I'd add one caveat to that, and a mistake on Apple's part in my opinion:

    The 11n support in the iPhone 4 is for 2.4 GHz service only - it doesn't allow for usage in the much less crowded and therefore far less prone to interference 5 GHz range that the 11n standard allows. I think, as I stated, that I believe this is a no-no and isn't going to help much of anything.

    Yes, 11n is better in high interference signal areas when compared against 11b/g performance (11a works at 5 GHz and is so rare it's a non-issue for comparison anymore), but if you're still in the same basic frequency band, you're somewhat gimped from the start of the race you could say.

    11n at 5 GHz would also require less power to operate at the same level of efficiency but, perhaps Apple's entirely new antenna design - which I believe is also flawed out of the gate (no pun intended, that's a deep one but it's in there) - requires them to keep things in the 2.4 GHz band.

    I re-watch that WWDC keynote video, the intro of the iPhone 4, and I just laugh every time Steve Jobs was getting pissed when the iPhone 4 in his hand wasn't working worth a damn and the iPhone 3GS in the other hand was lickety-split-get-it-done-it's-done without skipping a beat.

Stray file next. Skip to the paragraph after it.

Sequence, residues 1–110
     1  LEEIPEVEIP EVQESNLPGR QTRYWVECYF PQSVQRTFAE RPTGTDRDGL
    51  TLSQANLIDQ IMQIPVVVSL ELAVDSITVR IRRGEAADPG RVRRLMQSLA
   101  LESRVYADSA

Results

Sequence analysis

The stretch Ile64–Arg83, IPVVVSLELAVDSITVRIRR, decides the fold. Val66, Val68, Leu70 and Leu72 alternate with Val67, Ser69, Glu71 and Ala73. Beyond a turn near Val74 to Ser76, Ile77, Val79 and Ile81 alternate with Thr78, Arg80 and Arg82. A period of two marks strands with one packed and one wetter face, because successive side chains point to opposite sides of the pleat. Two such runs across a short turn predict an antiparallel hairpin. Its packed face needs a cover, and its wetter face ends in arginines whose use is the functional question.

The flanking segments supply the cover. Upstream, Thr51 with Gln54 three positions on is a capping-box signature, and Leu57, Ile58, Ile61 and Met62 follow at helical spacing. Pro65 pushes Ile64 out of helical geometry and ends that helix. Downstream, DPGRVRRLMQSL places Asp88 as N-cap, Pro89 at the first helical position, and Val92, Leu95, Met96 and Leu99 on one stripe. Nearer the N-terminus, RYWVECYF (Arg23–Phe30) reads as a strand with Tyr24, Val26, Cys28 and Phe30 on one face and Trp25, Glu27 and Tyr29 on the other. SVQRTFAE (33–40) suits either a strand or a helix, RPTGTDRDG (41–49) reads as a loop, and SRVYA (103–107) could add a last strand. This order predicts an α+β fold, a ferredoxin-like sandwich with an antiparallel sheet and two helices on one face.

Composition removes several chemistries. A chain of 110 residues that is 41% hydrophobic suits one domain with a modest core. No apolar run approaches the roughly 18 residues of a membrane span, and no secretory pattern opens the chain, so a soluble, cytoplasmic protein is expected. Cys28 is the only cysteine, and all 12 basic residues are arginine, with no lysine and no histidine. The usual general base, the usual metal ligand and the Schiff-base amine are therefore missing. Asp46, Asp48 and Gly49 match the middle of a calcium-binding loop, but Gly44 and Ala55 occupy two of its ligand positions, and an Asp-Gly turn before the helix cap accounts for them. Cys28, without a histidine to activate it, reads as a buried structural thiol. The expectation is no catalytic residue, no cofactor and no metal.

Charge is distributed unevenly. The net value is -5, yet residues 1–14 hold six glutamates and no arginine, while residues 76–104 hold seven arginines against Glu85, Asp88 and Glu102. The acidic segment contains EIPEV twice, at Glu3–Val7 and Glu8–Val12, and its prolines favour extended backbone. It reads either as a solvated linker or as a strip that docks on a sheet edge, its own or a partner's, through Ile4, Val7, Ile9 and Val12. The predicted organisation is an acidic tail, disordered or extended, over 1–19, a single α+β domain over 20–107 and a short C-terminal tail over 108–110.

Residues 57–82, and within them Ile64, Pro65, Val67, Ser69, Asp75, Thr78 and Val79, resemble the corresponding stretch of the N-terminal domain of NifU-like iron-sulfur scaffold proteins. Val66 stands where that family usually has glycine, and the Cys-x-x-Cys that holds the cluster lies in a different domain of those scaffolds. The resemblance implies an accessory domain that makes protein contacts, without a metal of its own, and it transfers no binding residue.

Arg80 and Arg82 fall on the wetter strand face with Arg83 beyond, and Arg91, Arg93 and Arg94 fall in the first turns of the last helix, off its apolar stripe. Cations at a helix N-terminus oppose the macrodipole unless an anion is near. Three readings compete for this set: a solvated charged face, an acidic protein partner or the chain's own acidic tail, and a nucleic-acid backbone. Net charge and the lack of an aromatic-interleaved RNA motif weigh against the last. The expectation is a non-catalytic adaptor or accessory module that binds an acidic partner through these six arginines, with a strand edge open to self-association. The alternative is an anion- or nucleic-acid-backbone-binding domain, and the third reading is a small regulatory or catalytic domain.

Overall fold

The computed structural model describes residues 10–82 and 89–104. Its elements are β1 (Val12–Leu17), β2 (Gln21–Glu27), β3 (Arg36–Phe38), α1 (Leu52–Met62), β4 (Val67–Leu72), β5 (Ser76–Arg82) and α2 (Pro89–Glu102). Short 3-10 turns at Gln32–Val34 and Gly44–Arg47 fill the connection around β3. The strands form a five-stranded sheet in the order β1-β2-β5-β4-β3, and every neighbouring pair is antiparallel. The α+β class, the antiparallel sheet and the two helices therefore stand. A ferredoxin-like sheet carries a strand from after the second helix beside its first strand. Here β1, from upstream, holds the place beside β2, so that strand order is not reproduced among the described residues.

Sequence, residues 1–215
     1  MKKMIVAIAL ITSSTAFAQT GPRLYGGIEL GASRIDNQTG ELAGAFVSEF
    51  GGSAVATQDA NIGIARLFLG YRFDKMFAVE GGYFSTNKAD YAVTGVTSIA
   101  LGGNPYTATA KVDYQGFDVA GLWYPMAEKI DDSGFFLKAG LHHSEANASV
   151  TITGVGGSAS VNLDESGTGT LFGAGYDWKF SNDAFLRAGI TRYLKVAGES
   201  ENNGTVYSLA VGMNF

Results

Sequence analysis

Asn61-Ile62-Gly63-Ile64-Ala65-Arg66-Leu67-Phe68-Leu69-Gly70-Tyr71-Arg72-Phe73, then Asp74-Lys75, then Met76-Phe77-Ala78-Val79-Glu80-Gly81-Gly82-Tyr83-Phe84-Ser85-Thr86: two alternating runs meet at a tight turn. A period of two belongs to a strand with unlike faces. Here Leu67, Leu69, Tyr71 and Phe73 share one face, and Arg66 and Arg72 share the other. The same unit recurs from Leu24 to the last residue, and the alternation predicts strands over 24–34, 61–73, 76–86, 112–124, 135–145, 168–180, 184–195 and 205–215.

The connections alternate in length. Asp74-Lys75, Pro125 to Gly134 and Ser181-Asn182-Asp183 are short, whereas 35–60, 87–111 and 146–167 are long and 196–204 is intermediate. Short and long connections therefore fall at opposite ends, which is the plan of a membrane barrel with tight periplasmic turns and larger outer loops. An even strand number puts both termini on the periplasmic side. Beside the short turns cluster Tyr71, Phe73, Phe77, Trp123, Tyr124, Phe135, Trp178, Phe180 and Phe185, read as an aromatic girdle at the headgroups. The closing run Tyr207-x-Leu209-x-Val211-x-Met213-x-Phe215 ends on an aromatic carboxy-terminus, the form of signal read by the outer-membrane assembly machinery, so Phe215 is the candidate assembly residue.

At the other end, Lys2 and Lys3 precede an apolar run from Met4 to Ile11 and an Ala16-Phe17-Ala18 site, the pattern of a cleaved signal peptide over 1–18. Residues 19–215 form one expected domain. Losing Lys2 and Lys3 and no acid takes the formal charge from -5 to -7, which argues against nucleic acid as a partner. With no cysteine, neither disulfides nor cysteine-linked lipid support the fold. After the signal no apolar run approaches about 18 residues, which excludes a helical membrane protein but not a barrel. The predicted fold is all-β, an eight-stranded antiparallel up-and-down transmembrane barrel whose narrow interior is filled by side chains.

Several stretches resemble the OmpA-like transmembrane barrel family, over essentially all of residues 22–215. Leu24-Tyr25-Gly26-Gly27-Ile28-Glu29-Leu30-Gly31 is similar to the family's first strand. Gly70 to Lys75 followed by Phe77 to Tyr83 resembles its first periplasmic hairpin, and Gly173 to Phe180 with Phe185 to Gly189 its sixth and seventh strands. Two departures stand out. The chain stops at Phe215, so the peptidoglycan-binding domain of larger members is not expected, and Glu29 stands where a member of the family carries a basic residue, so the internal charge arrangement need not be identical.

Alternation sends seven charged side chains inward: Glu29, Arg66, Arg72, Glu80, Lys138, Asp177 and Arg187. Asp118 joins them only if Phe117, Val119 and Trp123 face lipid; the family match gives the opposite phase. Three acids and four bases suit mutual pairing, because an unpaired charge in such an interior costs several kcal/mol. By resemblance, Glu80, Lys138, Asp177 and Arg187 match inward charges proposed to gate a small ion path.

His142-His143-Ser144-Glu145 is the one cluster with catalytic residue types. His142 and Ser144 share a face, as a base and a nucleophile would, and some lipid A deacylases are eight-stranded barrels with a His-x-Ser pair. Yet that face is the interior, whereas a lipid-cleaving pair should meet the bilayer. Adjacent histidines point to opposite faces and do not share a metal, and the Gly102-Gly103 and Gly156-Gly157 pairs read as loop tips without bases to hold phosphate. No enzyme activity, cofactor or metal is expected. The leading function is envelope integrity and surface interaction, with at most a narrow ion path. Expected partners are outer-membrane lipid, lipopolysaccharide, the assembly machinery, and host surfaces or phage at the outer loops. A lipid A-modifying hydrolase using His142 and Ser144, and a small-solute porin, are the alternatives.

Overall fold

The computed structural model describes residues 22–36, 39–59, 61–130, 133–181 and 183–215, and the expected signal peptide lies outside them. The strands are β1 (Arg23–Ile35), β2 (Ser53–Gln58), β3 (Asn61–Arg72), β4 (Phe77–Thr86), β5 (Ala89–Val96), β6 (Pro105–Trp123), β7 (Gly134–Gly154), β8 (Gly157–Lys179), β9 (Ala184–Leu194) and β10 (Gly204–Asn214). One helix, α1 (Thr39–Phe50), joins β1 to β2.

Honestly, if that keynote demo isn't indicative of "Cupertino, we have a problem" with respect to wireless anything with the iPhone 4, I don't know what is. In the exact same room, facing 570 access points/hotspots in the same 2.4 GHz band, the iPhone 3GS did not skip a beat and loaded the web pages in Safari exactly as we have come to expect.

    But the iPhone 4? Fuhgeddaboutit.

    Have people forgotten that demo that fast? Oh, no, it's not that, it's the fact that Apple cut out all that footage from the WWDC video so it doesn't make them - or the iPhone 4 - look bad. Most people have never even SEEN that footage, at all.

    Wanna see what really happened? One real-time recording of everything that went wrong coming up: